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The writing is on the wall. Photos by Danylo Pavlov from the liberated village of Yahidne in Chernih


"There is an inscription on the wall: on the right are ten names of those who died in the basement, on the left are the names of those killed by Russian soldiers." Photo by Danylo Pavlov


The Russian military evicted the residents of Yahidne from their homes by force and forced them into the basement of the local school. About 400 people were living in terrible crowding, with virtually no food or water. Among them were children and even babies. There was no ventilation, no toilet, and no way to cook. They slept sitting down. Several people died.


Today, the Ukrainian Association of Professional Photographers publishes photos by Danylo Pavlov taken after the liberation of Yahidne. He has been a member of the association since 2022.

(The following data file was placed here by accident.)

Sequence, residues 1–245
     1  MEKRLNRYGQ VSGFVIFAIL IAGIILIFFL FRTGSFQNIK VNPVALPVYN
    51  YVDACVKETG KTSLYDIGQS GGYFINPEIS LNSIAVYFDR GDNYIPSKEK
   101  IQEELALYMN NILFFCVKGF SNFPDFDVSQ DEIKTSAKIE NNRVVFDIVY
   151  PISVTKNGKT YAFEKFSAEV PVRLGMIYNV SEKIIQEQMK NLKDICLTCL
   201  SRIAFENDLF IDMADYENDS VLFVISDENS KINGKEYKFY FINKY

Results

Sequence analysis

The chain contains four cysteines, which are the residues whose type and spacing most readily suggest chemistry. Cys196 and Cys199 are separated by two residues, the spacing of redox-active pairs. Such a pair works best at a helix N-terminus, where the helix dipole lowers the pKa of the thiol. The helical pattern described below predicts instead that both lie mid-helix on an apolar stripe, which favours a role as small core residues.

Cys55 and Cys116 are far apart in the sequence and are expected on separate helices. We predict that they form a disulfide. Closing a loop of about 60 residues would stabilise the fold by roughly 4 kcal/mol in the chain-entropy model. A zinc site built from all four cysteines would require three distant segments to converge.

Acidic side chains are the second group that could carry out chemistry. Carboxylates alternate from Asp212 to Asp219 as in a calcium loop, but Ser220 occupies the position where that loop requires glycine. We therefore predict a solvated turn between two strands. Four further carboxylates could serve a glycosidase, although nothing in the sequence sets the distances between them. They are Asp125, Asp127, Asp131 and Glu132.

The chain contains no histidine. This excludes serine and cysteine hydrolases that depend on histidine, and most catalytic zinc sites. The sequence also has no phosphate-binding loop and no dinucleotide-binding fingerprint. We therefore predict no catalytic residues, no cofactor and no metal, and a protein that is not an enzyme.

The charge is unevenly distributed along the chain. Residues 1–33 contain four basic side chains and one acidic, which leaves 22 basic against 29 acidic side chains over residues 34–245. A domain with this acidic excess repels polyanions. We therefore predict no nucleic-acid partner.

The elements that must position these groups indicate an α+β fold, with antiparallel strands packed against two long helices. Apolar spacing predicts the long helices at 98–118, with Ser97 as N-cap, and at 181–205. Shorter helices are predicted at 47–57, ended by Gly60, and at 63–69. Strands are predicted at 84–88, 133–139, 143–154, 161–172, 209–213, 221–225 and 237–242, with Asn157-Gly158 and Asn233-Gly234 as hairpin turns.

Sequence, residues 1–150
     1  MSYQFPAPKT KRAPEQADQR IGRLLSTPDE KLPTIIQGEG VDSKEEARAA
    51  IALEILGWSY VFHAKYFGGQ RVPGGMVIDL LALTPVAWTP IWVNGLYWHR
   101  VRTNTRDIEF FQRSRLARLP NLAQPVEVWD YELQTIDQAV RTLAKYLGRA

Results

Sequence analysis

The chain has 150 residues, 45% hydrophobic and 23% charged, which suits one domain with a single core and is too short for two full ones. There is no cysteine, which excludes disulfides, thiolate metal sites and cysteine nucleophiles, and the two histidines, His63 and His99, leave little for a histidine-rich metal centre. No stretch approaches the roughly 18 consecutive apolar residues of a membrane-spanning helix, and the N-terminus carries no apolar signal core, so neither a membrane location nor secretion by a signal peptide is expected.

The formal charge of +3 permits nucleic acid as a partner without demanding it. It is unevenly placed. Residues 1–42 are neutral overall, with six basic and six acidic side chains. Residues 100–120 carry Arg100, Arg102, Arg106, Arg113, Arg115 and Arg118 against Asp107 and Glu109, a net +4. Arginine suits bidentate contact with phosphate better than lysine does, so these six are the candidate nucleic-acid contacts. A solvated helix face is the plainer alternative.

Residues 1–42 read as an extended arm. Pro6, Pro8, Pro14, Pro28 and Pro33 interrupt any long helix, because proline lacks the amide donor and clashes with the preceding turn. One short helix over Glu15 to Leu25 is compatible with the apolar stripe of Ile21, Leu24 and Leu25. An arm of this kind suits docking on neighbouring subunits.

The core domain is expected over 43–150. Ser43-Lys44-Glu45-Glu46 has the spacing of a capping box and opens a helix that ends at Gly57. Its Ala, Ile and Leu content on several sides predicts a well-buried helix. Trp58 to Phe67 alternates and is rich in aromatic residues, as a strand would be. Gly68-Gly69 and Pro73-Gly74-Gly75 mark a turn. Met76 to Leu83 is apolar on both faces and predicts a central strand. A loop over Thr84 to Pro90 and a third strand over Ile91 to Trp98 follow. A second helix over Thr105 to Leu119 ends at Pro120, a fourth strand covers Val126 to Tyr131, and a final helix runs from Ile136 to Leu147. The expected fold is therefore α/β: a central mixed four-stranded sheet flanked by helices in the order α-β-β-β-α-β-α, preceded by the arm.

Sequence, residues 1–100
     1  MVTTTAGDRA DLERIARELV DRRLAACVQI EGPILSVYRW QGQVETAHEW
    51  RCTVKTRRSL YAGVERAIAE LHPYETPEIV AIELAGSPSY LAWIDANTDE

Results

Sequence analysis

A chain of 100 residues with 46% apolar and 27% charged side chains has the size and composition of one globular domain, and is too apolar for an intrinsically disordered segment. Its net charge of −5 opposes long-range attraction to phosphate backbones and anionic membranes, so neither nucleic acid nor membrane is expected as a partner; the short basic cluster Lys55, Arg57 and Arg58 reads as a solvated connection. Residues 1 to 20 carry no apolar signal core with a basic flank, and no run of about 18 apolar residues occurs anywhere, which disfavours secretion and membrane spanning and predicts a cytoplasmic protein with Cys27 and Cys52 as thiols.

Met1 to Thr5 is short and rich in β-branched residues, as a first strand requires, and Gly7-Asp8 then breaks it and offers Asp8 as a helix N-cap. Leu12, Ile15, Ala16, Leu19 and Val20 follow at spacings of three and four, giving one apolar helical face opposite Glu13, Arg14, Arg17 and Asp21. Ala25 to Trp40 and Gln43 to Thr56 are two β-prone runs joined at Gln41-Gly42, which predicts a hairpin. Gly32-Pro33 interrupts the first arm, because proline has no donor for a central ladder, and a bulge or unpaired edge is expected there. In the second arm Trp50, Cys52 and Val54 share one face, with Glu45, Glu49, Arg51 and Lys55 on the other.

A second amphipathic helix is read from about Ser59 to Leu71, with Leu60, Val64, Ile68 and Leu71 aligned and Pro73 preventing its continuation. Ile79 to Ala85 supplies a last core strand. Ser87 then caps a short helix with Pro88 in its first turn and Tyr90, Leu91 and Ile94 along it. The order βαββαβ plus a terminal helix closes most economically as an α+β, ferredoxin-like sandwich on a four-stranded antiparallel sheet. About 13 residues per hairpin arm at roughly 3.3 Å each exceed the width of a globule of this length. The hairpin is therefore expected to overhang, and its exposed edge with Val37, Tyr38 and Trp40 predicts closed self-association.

30 days in occupation

Russian troops stayed in the village of Yahidne in the Chernihiv region for a month. They entered the village from the very first days of the full-scale war, on March 3. The houses along the road to Chernihiv were not damaged, but in the center of the village some houses were completely destroyed. Before the occupation, Russian troops shelled Yahidne with artillery. The Russians set up an ammunition depot near the local cultural center, of which only the outer walls remain.

The village of Yahidne after de-occupation, in April 22. Photo by Danylo Pavlov


The Russian military searched local residents for patriotic tattoos and military uniforms and took away their cell phones. People were evicted from their homes and forced into the basement of a local school. Almost four hundred people lived in terrible crowding, with virtually no food or water. Among them were children and even babies. There was no ventilation, no toilet, and no way to cook. They had to sleep sitting down, as each resident was allocated an average of half a square meter. Ten people died in the basement because of these living conditions. The military did not allow the dead to be buried, so they were stored in the school boiler room. The Russians allowed the dead to be buried only twice. They shelled one of the burials.